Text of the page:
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  Johnston�s Crocodile  (Crocodylus johnstoni)
Found only in Australia.
  Estuarine Crocodile  (Crocodylus porosus)  

The Crocodilians

In the Family Crocodylidae there are 8 genera, 22 species and 3 subspecies.

The family Crocodylidae is divided into 3 subfamilies:
  • Crocodylinae 14 species.
  • Alligatorinae 7 species.
  • Gavialinae 1 species.

  •   In the subfamily Crocodylinae there are 3 genera, comprising 14 animals:
  • Crocodylus 12 species of True crocodiles.
  • Osteolaemus 1 species of Dwarf Crocodile.
  • Tomistoma 1 species the False Gharial.

  •   In the subfamily Alligatorinae there are 4 genera, comprising 9 animals:
  • Alligator 2 species of true alligators.
  • Caiman 2 species and 3 subspecies total 5.
  • Melanosuchus the Black Caiman 1 species.
  • Paleosuchus the Dwarf Caiman 1 species.

  •   In this subfamily Gavialinae there is 1 genus and only 1 species:
  • Gavialis the Gharial.

  • To learn how: Family, subfamily, genus and species are set out in the taxonomic system go to Classification.

    Subfamily CROCODYLINAE
    Estuarine Crocodile  (Crocodylus porosus)
    it is sometimes called the Indopacific Crocodile and in Australia it is known as the Salty or Saltwater Crocodile; however this creature can, and often does, spend its whole life in freshwater.   Some people class this crocodile as endangered though the author of this site does not believe that they are endangered, lets ensure it stays this way.
    Johnston�s Crocodile  (Crocodylus johnstoni)
    or Australian Freshwater Crocodile also known as the Freshy.   Although these crocodiles are now rare in Queensland there are still plenty in WA and NT though the numbers have started to drop.

    The Freshwater crocodiles are very rare in Queensland perhaps due to the cane toads and the same disaster will probably happen to those in West Australia and the Northern Territory.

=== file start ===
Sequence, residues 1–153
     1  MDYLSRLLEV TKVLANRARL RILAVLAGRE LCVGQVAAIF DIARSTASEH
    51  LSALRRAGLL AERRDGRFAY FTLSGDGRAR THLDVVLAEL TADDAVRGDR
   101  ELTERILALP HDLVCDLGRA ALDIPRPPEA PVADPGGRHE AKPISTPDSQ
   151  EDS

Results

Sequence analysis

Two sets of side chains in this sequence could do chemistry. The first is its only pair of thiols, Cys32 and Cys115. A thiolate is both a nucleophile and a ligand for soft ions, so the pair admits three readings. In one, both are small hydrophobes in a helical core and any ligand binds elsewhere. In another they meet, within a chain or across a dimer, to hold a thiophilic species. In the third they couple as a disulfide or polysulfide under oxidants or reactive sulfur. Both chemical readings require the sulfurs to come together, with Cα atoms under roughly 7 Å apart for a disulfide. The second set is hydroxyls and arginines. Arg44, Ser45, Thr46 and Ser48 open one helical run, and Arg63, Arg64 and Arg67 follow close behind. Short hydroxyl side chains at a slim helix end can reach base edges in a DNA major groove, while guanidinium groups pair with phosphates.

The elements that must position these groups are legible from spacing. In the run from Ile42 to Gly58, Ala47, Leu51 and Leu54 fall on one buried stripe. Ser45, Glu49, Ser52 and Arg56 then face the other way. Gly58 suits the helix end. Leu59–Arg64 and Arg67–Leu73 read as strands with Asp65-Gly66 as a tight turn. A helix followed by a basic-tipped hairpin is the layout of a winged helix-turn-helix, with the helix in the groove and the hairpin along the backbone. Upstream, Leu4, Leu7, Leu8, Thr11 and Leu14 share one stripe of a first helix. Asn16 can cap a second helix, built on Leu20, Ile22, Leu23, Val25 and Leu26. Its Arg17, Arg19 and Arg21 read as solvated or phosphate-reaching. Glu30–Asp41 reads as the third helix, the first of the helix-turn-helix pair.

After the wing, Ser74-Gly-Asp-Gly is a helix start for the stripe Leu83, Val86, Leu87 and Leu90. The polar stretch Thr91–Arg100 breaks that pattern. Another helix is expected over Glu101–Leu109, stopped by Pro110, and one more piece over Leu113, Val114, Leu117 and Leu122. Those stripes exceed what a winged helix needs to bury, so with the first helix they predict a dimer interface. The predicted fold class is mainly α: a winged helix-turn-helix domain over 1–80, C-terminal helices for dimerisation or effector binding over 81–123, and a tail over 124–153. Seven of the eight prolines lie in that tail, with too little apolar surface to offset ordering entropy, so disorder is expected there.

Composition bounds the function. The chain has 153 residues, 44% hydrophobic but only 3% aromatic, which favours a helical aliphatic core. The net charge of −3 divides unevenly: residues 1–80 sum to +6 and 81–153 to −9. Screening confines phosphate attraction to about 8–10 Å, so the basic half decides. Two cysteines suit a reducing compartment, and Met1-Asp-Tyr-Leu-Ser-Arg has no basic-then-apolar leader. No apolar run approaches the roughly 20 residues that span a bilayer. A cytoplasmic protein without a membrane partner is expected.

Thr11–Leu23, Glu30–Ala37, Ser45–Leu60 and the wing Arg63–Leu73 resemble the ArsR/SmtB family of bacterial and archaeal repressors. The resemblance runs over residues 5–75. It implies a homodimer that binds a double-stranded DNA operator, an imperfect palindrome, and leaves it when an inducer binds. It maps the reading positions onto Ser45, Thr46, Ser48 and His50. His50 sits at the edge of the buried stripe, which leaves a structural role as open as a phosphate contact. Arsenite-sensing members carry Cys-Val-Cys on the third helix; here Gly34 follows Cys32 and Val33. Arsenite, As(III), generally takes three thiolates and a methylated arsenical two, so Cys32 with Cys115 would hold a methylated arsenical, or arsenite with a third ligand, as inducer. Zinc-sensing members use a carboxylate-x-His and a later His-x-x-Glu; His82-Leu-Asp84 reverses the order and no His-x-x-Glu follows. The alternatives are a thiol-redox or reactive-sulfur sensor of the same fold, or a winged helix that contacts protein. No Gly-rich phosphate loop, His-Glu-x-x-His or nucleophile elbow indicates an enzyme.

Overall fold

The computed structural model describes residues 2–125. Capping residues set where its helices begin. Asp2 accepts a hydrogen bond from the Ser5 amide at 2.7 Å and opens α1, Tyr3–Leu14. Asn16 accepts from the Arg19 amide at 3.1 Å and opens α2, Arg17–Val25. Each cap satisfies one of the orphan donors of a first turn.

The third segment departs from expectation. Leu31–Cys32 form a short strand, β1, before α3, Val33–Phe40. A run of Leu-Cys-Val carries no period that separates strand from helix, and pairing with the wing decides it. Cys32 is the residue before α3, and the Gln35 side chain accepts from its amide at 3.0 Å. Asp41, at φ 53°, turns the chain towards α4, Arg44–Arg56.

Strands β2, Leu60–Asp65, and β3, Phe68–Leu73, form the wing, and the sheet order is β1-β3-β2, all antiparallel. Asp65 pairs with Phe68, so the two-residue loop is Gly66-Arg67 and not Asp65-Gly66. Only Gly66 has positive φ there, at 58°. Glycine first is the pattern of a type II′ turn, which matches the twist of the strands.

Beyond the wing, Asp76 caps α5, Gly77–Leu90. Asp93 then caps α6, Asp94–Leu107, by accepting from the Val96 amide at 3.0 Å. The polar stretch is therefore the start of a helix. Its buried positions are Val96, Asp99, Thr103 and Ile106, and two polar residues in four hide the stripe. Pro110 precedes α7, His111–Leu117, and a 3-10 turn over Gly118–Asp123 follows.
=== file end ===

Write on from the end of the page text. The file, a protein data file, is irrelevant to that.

If the situation gets very serious perhaps the public could catch many of them from the wild before they are poisoned.  If they are collected from different areas then we can have a broadly based gene pool in stock for the day when we can deal with the cane toads; though that is probably years away.

    The good thing is that these crocodiles live for many years.  In the north they are easy to keep and there are many who would love to have a freshwater crocodile in a pond in the back yard; at no cost to the government.

    There are some galahs out there who say �oh no, we should not keep native animals�.  Well, if the freshwater crocodiles are to die out in the wild because of the cane toads then we will be the drongos if we listen to the galahs.  Remember, the fauna of Australia belongs to the citizens of Australia and no one else.

    It was the galahs and the government that caused the problem to begin with, so it now must be the responsible citizens that do their best to correct it.  The only condition should be that the creatures are kept in comfort; that is the comfort needed to keep a happy freshwater crocodile.  The minimum requirements are already known for a freshwater crocodile and, this would have to be one of the most beautiful of the crocodiles.